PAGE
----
Oh my gosh. The girls and I just had the BIGGEST BLAST of a day (three weeks ago now). We spent hours and hours surfing Amazon and creating a Wish List for the new Hard Places Community Center we’re helping start in Siem Reap in January.
(details about our big move here)
We have 97 items on the list. And a team from California, visiting HPC in January, has offered to collect all the goodies and deliver them to us here.
I invite you to check out the list (and maybe buy something on it!) in a minute, but first, I want to address a few questions I think may come up. Like this one:
The short answer: Yes. And no.
The long answer: I think we need to be careful when we give to the poor or donate to charity. I don’t think there’s one simple answer to any/all questions we might have. But I have one really good way to help us decide if we’re doing this right. We ask ourselves one simple question:
I have been in charge of many, many donations for folks (refugees, the homeless, kiddos in Cambodia, poor families in Columbus) over the years (and during a few of those years, we ourselves were recipients of such charity), and some of the things I’ve seen have broken my heart.
And some of them have made me very angry. Because they were insulting. Insulting to the receivers of the donations and insulting to me and my family, because we had to sort through all the worthless to find something worth giving.
(For awhile there, we referred to ourselves as “crap magnets.” Everywhere we turned, “Oh! You’re helping the homeless! I have some CRAP TO DROP OFF ON YOUR DOORSTEP. GOOD LUCK WITH IT! SO GLAD TO FINALLY GET IT OUT OF MY HOUSE!”)
I’ve gotten big boxes of random toy parts and game pieces and broken stuff, the unwanted, largely un-usable leftovers that didn’t survive the annual pre-Christmas toy room purge. (“For the kids in Cambodia!”)
Half-colored coloring books and cardboard Memory games with scribbles all over the pieces, books with ripped pages, huge Ziploc bags of crayon stubs, dried-out Play-Doh. (“For the refugee kids you’re tutoring!”)
Old ripped towels/washcloths and stained clothes. (“For your homeless friends!”)
A box of food from a food pantry where everything was either expired, stale, rotten, or all of the above. (This was actually a donation for us from a faith-based mission in our city. Thanks a lot for crappy food that will make me sick if I eat it.)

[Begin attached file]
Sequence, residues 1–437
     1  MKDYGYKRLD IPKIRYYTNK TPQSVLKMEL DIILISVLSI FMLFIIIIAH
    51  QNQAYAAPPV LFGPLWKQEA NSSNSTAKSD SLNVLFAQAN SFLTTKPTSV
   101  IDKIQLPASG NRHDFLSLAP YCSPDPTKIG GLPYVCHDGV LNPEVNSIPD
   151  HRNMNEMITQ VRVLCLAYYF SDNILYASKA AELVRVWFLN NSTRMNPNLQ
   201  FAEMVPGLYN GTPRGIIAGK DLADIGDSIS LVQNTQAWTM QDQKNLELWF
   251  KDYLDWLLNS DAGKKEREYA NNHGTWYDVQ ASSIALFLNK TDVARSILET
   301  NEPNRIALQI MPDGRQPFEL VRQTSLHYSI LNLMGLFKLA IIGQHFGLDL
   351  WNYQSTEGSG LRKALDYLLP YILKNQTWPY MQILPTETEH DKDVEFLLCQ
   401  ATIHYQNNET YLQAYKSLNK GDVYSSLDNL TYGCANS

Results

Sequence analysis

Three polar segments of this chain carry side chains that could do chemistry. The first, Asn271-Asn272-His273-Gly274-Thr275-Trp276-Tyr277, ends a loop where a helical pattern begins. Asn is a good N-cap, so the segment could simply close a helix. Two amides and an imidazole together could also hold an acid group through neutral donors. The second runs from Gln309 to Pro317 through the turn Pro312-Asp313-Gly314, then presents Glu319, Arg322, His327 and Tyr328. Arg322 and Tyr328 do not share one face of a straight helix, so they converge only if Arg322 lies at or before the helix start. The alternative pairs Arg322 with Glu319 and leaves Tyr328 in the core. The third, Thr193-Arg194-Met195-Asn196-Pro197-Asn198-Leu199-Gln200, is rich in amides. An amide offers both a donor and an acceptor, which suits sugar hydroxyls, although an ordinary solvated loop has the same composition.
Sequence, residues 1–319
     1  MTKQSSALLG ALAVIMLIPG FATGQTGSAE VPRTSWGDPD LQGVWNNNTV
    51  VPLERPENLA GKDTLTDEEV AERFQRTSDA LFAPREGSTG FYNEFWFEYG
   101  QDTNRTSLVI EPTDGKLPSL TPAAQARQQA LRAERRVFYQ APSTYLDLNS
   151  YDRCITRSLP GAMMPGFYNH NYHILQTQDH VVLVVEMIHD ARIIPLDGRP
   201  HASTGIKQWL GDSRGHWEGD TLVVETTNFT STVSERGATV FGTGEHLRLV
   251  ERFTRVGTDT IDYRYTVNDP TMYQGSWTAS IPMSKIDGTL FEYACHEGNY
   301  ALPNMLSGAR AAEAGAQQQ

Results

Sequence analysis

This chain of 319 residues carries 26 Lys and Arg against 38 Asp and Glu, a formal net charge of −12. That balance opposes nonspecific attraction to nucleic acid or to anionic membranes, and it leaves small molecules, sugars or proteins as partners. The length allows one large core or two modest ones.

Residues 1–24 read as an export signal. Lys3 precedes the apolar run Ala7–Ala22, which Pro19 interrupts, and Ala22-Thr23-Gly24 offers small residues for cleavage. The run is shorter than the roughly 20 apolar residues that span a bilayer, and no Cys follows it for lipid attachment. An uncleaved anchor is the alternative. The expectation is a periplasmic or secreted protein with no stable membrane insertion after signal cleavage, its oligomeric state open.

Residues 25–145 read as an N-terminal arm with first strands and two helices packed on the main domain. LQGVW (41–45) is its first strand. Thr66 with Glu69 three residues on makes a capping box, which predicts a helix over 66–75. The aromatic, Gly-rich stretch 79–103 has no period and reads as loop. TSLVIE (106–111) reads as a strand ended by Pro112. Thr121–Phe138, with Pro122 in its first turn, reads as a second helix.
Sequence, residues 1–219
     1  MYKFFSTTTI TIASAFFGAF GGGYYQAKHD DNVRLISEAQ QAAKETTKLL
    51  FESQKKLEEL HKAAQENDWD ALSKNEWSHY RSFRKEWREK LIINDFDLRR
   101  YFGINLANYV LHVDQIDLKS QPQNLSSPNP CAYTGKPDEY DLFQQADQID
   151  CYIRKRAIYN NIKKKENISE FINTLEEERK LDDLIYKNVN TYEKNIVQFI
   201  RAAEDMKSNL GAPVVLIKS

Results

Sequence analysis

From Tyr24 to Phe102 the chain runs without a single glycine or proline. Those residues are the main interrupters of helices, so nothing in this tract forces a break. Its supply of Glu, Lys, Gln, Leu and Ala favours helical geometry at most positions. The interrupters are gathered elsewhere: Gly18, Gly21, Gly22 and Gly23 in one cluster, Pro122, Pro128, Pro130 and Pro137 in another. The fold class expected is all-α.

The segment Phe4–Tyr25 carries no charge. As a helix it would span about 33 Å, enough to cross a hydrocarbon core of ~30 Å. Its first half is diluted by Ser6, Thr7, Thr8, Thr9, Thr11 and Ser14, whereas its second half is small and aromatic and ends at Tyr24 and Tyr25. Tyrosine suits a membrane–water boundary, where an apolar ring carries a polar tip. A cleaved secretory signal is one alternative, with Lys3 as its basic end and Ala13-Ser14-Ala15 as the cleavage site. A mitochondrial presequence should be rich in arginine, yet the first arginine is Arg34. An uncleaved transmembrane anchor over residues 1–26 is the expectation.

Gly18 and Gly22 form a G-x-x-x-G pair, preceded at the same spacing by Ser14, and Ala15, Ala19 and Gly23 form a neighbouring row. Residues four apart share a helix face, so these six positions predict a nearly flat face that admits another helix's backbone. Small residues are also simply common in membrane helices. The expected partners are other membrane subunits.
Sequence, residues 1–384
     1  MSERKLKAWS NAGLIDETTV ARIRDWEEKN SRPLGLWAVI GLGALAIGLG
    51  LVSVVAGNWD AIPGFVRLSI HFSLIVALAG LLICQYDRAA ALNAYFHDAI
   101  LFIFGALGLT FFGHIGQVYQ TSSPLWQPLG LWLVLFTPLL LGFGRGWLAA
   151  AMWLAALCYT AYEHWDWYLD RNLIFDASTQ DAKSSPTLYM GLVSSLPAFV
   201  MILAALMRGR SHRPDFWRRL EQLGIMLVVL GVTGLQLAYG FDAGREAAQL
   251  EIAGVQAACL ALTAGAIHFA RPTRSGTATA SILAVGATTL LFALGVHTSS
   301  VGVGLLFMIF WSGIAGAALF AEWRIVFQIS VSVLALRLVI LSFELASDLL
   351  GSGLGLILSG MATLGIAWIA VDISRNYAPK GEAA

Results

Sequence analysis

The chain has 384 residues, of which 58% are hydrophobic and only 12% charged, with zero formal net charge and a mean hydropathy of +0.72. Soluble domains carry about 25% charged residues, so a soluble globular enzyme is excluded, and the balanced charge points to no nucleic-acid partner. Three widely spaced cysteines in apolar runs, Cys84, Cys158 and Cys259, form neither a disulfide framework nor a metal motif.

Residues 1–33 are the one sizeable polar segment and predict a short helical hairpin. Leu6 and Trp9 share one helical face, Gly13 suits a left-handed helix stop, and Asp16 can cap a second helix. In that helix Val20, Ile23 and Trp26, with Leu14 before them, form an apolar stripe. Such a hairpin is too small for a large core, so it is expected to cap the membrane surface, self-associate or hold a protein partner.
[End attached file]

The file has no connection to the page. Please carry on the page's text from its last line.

The homeless have nothing, right?… so won’t they be happy with just about anything?… The kiddos in Cambodia are living in cardboard houses with a sheet of tin for a roof and dirt floors… are they really going to care if their crayons aren’t new or their coloring books have already been “loved”?… Beggars can’t be choosers… They should be thankful for what they’re getting…
For those of you with kiddos, picture this scenario. Mom gathers kiddos into playroom. “Susie, Johnny, Mommy has a fun idea! You know those kids in India they were talking about in church. Well, guess what! We’re going to send them some of your toys and games! Oh, don’t worry! Not your favorite ones, not your good ones. Just the ones you don’t play with any more, the ones you don’t like, the old ones.
The kids over there have nothing. No toys, no shoes, hardly any food. They’ll be more than happy with your old toys. Sure, this game is missing all the pieces, but they can do something with the board, right? And look! The more you give them, the more room you’ll have for all the latest & greatest, newest & sparkliest toys that Santa is going to bring you for Christmas!
Now. Before you decide I’m heartless and unfair, hear me out.
There is absolutely a time and a place for your kiddos to share their old toys with kids in need. For sure. I’ve seen it happen, and it’s been a beautiful thing.
There is also a time and a place for buying things from the thrift store and donating them. I’ve done that many, many times.
ARE YOU LOVING YOUR NEIGHBOR AS YOURSELF?
I know some amazing boys who once decided they didn’t need all their Star Wars figurines and wanted to share them with some boys who didn’t have any. They painstakingly chose a nice set of figurines (all in good condition) that would make another boy very very happy.